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Skaldic Poetry of the Scandinavian Middle Ages

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Eyv Hál 7I

Russell Poole (ed.) 2012, ‘Eyvindr skáldaspillir Finnsson, Háleygjatal 7’ in Diana Whaley (ed.), Poetry from the Kings’ Sagas 1: From Mythical Times to c. 1035. Skaldic Poetry of the Scandinavian Middle Ages 1. Turnhout: Brepols, p. 205.

Eyvindr skáldaspillir FinnssonHáleygjatal

Varð Hôkun
Hǫgna meyjar
viðr vápnberr,
es vega skyldi,
ok sinn aldr
í odda gný
Freys ôttungr
á Fjǫlum lagði.

Hôkun, {viðr {meyjar Hǫgna}}, varð vápnberr, es skyldi vega, ok {ôttungr Freys} lagði aldr sinn í {gný odda} á Fjǫlum.

Hákon, {tree {of the maiden of Hǫgni <legendary hero>}} [= Hildr (hildr ‘battle’) > WARRIOR], became weapon-bare when he had to fight, and {the kinsman of Freyr <god>} [= Hákon] laid down his life in {the din of points} [BATTLE] at Fjaler.

Mss: (57v), F(10ra), J1ˣ(31v), J2ˣ(32v-33r) (Hkr); FskBˣ(5r), FskAˣ(14) (Fsk)

Readings: [3] ‑berr: ‘bær’ FskBˣ    [5] sinn: síðan FskBˣ;    aldr: aldri FskBˣ    [6] í: om. FskBˣ    [7] ôttungr: ‘attughr’ FskAˣ    [8] á: at F

Editions: Skj AI, 69, Skj BI, 61, Skald I, 38; Hkr 1893-1901, I, 115, IV, 31-2, ÍF 26, 108, Hkr 1991, I, 66 (HHárf ch. 12), F 1871, 45; Fsk 1902-3, 14 (ch. 2), ÍF 29, 66 (ch. 3); Krause 1990, 170-4.

Context: Stanzas 7 and 8 are cited in uninterrupted succession. Haraldr hárfagri ‘Fair-hair’ places the district of Firðir (Fjordane) under the control of Hákon jarl Grjótgarðsson but when Hákon orders Atli jarl to release his control of Sogn Atli disputes this. He and Hákon join battle at Fjalir in Stafanessvágr (Fjaler, Stongfjorden), where Hákon is defeated and killed and Atli subsequently dies of his wounds.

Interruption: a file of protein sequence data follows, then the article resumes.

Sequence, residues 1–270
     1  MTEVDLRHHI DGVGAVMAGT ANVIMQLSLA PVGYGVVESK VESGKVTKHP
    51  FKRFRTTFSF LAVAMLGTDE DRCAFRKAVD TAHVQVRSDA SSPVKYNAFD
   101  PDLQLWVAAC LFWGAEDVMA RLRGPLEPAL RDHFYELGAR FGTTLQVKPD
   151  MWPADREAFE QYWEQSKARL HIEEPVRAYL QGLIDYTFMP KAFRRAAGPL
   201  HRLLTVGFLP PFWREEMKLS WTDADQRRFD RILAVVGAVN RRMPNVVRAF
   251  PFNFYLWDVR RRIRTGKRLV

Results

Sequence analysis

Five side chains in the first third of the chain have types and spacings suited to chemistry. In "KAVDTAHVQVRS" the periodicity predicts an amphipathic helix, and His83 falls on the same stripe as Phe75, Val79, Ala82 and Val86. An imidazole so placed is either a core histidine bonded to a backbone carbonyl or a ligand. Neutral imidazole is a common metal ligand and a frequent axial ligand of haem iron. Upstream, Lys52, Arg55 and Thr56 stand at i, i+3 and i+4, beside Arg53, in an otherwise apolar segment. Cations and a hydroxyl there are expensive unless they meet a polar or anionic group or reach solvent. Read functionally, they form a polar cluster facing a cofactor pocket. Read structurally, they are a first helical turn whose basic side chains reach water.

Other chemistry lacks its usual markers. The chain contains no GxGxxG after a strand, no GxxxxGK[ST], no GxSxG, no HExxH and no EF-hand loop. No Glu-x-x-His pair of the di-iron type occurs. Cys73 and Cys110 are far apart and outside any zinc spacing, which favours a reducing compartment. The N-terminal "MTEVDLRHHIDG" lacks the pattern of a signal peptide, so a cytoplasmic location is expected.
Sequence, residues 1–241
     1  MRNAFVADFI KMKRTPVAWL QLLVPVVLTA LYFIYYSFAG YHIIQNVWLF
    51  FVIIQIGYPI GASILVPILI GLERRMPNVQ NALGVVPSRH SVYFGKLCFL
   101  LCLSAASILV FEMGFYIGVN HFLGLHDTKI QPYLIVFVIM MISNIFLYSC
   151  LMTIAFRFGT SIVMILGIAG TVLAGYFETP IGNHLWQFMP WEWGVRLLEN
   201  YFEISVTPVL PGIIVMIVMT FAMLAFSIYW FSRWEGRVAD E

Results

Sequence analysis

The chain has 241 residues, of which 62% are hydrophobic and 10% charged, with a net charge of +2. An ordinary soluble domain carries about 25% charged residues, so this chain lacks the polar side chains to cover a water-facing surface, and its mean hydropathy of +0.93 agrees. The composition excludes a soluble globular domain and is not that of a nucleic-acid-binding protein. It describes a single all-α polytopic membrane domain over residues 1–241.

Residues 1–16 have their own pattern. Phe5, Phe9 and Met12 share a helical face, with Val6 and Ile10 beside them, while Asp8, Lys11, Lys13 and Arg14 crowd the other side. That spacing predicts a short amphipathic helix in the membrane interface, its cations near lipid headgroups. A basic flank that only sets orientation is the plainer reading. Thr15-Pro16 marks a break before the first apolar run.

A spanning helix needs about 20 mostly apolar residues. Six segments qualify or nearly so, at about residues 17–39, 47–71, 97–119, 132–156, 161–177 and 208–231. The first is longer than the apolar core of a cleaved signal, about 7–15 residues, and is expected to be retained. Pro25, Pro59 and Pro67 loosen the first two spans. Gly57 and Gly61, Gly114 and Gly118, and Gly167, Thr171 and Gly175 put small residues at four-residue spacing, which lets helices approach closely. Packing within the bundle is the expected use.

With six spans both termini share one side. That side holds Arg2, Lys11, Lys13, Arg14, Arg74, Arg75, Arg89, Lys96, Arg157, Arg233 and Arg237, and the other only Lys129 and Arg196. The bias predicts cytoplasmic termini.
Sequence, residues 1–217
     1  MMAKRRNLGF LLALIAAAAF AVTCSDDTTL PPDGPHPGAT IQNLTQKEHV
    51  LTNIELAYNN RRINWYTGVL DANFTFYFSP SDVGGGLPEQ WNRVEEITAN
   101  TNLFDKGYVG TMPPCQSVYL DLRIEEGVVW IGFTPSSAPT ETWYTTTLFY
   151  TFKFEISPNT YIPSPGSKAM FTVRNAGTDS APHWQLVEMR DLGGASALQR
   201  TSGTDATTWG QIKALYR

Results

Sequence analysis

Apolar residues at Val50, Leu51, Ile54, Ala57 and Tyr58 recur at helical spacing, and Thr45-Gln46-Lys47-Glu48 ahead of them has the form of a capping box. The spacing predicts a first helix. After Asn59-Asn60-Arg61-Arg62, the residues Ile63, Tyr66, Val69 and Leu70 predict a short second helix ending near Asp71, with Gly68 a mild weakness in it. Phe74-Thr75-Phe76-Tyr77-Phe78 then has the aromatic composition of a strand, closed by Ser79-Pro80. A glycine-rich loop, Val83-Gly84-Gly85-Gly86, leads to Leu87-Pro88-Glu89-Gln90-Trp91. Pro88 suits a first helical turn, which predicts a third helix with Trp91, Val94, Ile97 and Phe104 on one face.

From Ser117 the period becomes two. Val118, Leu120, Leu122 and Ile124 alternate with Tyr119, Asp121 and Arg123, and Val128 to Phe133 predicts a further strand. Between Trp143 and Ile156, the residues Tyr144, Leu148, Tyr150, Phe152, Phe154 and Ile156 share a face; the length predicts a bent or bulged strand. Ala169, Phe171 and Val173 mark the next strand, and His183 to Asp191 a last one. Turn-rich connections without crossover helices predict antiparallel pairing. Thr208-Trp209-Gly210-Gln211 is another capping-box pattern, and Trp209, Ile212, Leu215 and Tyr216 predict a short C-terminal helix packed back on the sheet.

Notes: [1-4]: Normally the warrior-kenning in ll. 2-3 is construed as in apposition to Hôkun, as in this edn. Apposition occurs sporadically elsewhere in Hál (see st. 13/1, 3). An alternative, with Hkr 1893-1901, IV, would be to take the kenning as subject of the rel. clause: Hôkon varð vápnberr, es viðr meyjar Hǫgna skyldi vega ‘Hákon became weapon-bare when the tree of Hǫgni’s maiden [Hákon, he] had to fight’. — [2] meyjar Hǫgna ‘of the maiden of Hǫgni <legendary hero> [= Hildr (hildr “battle”)]’: An allusion to Hildr, who instigates the Hjaðningavíg ‘fight of the people of Heðinn’, conventionally referred to in scholarship as the ‘Everlasting Fight’; for the Hildr story see especially Bragi Rdr 8-12III. Hildr also occurs as a generalised name for valkyrie and, as here by ofljóst, a heiti for ‘battle’. — [3] vápnberr ‘weapon-bare’: Presumably this means ‘bare of, i.e. lacking, a weapon’, though an alternative might be ‘bare/exposed before the weapons [of his enemies]’ (Hkr 1893-1901, IV; LP: vápnberr; ÍF 26; ÍF 29; Hkr 1991). Finnur Jónsson interprets this as våbnbidt ‘weapon-bitten’ in Skj B, but without justification. The cpd is a hap. leg., which together with the reference to Freyr in l. 7 makes it conceivable that there is an allusion to Freyr’s lacking his sword in the fight against Beli (cf. Note to st. 3/3) and at Ragnarǫk, caused by his lending it to Skírnir to assist in the wooing of Gerðr (SnE 2005, 31-2; Simek 1993, 91). Hákon’s lack of a weapon is not explained in the stanza or the prose. — [7] ôttungr Freys ‘the kinsman of Freyr <god> [= Hákon]’: Hákon jarl Grjótgarðsson (see Context above). The identical phrase appears in Þjóð Yt 16/7. A close analogue is ôttung(r) Týs ‘kinsman of Týr’ in st. 10/7, with its counterpart in Þjóð Yt 14/3. Such kennings occur only in these two poems and in Eskál Vell. Similarly restricted in distribution is the theme of the divine ancestry of kings and jarls (Marold 1992, 699; cf. Bagge 2000, 33-6 on ). Presumably the kennings do not imply direct descent from Freyr or Týr (since Óðinn appears as progenitor in st. 1), but they do form part of a programme of implicit comparison with the Yngling kings (see Introduction). It is conceivable that the specific reference to Freyr hints at movement towards the Yngling territory of south-eastern Norway, where toponymic evidence suggests that the cult of Freyr was particularly strong (Brink 2007a, 109). — [8] á Fjǫlum ‘at Fjaler’: Fjalir (Fjaler) is a fjord and the surrounding district, just north of Sognefjorden on the west coast of Norway.